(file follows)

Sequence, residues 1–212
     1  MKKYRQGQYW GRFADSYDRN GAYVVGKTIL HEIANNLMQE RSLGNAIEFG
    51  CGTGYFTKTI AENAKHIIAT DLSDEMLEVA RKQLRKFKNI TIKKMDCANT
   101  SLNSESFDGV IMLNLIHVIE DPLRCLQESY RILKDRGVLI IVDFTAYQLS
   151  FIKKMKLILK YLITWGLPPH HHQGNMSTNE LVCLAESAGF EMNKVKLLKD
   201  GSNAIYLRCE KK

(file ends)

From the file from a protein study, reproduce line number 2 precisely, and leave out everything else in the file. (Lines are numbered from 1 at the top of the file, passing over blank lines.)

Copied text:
     1  MKKYRQGQYW GRFADSYDRN GAYVVGKTIL HEIANNLMQE RSLGNAIEFG